The pace of the ratification of a global pact outlawing cluster bombs must be accelerated to relegate the deadly weapons “to the pages of history,” Deputy Secretary-General Asha-Rose Migiro said today.
Addressing an event at UN Headquarters in New York to encourage countries to sign the Convention on Cluster Munitions, she said the treaty will help to address the humanitarian, socio-economic and environmental damaged caused by the devices.
“We must step up our efforts so women, men and children can walk free of the terrible injuries these munitions inflict,” Ms. Migiro said.
The Democratic Republic of the Congo (DRC) signed onto the Convention today, joining 95 other nations, while Laos ratified the pact, bringing the total number of ratifications to five.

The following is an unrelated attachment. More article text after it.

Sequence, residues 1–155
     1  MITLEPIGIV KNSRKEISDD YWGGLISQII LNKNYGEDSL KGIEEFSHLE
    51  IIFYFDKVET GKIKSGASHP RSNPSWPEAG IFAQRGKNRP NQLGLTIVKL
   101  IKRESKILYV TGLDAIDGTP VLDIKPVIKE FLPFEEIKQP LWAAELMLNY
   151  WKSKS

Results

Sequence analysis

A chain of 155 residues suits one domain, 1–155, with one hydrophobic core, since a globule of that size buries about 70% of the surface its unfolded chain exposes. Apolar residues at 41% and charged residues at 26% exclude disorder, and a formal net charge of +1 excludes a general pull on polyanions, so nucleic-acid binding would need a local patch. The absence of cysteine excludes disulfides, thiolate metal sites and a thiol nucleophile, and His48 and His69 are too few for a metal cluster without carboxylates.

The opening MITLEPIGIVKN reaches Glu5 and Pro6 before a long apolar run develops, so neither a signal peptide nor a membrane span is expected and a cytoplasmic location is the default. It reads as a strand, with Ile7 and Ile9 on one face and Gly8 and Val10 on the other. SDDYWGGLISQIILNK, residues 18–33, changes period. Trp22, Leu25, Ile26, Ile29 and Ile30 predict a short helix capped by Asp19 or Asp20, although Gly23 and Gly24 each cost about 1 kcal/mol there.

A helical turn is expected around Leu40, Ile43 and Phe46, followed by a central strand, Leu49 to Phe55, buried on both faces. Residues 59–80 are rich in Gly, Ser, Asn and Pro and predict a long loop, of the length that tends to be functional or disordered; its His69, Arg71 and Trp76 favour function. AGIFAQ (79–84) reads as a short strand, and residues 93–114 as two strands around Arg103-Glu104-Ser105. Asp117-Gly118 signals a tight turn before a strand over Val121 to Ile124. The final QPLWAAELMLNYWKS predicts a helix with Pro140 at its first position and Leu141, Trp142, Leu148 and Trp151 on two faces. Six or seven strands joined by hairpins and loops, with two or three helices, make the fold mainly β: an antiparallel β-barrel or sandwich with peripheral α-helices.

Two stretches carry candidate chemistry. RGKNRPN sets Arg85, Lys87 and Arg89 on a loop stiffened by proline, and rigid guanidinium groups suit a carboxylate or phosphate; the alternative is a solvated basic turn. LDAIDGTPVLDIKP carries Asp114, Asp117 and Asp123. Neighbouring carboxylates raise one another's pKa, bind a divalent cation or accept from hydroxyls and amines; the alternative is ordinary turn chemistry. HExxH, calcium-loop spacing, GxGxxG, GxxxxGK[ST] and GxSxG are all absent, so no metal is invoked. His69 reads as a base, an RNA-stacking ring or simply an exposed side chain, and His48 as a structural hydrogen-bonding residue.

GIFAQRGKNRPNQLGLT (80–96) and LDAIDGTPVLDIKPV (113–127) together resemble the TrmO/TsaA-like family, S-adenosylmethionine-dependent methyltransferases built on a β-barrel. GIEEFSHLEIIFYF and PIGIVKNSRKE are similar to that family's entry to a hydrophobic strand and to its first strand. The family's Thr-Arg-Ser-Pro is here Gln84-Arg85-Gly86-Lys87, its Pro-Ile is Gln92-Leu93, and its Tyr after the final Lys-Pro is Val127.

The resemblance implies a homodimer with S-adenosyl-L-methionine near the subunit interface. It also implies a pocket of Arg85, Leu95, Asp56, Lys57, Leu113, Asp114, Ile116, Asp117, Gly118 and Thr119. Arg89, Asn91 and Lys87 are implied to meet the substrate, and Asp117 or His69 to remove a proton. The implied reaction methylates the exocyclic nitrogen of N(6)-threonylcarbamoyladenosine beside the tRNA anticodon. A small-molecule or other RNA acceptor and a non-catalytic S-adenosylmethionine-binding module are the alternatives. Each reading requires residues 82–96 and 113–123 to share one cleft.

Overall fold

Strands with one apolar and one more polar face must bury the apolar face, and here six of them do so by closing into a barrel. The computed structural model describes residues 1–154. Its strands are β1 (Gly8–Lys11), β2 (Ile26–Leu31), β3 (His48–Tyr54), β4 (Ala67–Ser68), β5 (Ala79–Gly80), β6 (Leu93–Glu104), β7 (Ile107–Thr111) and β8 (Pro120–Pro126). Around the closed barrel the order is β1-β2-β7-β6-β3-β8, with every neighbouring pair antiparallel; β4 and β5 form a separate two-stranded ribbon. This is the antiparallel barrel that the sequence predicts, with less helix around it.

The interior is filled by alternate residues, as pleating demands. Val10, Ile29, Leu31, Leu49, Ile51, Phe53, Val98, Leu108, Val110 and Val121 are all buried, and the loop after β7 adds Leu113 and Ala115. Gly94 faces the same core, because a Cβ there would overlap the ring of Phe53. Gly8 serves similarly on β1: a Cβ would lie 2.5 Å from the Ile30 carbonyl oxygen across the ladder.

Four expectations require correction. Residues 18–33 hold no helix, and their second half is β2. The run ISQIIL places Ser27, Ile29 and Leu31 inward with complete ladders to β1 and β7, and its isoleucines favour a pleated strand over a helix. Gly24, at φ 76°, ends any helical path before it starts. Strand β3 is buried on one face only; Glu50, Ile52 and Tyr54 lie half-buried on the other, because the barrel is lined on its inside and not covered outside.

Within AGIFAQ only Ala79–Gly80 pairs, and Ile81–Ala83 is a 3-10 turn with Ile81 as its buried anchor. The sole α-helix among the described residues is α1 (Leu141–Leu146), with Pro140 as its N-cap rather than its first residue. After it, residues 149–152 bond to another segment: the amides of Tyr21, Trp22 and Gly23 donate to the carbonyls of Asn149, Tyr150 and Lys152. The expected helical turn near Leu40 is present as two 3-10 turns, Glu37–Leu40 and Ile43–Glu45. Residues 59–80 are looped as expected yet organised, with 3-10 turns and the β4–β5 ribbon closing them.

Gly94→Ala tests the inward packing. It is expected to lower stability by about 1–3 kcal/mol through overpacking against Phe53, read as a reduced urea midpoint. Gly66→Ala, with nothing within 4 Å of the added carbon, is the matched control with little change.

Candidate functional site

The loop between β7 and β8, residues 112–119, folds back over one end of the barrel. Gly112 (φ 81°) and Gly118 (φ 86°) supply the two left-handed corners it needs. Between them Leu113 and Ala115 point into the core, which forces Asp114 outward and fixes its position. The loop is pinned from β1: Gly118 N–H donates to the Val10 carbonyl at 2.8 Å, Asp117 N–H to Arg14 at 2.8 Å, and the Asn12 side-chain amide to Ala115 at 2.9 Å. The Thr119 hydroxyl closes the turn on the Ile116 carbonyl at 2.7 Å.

Thirty ratifications are required for the Convention – which opened for signature in the Norwegian capital, Oslo, last December – to enter into force.
The pact is the “first instrument of international humanitarian law to address, in a clear and straightforward manner, the needs and rights of victims of a specific weapon,” the Deputy Secretary-General said, adding that it also emphasizes the key role of partnerships between the UN system and other organizations.
The UN Mine Action Team will endeavour this year to help remove and destroy cluster munitions and other explosive remnants of war, assisting victims in countries such as Cambodia, Chad, Laos and Zambia.
“We need to remove the need for such action,” Ms. Migiro stated. “We need to consign cluster munitions to the pages of history.”